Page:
The best part is lunch. We stop at a woman's house and sit in her dining room as she prepares us spicy ground beef and potatoes, rice, cucumber, shredded carrots and fresh, warm tortillas. For dessert, she cuts up a fresh papaya. The meal cost us about five bucks each.

We get back on the path and head back to Batopilas, energized with bellies full of food and the prospect of sitting by the river with a few cold beers. The sky is brilliant blue, the mountains soar above us and it feels like we have the whole place to ourselves.


IF YOU GO

GETTING THERE

WorldTrek Expeditions, based in Tucson, Ariz., offers regularly scheduled mountain biking trips to the Copper Canyon from September through May when the weather is dry and reasonably cool. Summer in the canyon can be unbearably hot, with temperatures well into the 100s. During the trip I took, it never got much hotter than probably 80 during the day. WorldTrek's guided week-long tour costs $1,199 per person and includes meals, lodging and ground transportation from El Paso, Texas, where the trip begins and ends. For those without bikes, rentals are $100 extra, and singles requiring a private room will pay another $145. Riders must get to and from El Paso on their own, which is about $400-$450 round trip by air from Chicago. Because of the elevation changes (temperatures rise the deeper you get into the canyon), it's wise to bring clothes for warm and cool weather.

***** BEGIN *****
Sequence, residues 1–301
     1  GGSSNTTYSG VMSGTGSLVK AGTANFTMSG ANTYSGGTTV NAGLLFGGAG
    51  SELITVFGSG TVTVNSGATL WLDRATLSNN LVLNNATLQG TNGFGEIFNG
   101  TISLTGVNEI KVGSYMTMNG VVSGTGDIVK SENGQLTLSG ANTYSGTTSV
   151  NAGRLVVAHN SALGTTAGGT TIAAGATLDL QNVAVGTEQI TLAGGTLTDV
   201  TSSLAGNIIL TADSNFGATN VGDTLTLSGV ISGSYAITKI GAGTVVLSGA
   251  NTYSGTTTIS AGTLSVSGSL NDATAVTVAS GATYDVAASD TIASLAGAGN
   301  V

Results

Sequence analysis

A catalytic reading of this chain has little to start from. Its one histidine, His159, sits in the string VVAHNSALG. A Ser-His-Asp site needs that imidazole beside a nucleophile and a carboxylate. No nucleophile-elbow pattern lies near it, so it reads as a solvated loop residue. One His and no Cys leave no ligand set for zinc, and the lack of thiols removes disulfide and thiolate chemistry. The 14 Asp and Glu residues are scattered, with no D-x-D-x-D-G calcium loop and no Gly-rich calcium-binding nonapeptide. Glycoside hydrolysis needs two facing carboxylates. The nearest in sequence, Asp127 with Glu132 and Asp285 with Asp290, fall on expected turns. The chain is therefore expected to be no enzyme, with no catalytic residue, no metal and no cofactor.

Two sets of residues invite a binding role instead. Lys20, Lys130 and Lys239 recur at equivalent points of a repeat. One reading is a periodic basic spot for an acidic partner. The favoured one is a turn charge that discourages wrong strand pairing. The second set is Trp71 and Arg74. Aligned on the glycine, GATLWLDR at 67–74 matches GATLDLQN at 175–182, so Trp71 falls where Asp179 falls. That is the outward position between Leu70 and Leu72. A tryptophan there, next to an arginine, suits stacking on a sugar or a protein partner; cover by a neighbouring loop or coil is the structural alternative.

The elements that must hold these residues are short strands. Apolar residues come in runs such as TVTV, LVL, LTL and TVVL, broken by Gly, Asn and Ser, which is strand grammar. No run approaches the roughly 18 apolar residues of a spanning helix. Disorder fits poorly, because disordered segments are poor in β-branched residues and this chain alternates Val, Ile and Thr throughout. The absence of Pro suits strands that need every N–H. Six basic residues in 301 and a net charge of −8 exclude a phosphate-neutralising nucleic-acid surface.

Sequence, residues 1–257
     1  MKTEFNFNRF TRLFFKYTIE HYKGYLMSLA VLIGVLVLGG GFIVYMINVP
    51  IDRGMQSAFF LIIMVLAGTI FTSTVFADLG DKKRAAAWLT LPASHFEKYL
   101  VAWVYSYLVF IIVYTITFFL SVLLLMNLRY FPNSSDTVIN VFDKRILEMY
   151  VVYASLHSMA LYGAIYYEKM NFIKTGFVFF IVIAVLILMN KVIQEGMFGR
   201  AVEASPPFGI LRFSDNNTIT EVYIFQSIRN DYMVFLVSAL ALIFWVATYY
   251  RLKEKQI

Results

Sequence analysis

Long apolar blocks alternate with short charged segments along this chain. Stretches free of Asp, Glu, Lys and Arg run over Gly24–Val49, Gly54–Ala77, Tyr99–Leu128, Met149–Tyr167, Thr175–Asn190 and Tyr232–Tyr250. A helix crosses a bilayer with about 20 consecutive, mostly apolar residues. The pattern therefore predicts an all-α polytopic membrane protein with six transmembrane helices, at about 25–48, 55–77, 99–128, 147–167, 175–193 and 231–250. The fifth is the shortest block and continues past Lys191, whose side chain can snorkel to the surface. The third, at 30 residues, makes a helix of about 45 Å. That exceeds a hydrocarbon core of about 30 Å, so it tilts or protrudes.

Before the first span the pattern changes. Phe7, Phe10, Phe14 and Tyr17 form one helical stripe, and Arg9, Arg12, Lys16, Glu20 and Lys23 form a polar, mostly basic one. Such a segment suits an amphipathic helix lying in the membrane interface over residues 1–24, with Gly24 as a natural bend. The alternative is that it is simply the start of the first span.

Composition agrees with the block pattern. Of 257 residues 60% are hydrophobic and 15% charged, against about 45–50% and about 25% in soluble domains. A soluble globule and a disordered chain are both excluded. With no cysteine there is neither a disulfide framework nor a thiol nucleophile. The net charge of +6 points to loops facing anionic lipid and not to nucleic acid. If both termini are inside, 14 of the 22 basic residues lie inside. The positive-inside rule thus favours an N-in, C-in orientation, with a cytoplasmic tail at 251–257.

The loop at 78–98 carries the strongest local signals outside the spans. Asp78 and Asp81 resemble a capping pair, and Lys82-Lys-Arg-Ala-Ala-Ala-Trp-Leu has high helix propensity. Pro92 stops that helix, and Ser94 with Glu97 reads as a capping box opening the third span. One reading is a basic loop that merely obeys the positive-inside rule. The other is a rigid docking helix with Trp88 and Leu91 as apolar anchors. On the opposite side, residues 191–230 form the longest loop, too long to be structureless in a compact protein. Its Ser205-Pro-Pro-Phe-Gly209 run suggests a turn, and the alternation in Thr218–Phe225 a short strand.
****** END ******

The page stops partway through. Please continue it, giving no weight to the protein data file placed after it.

SLEEPING AND EATING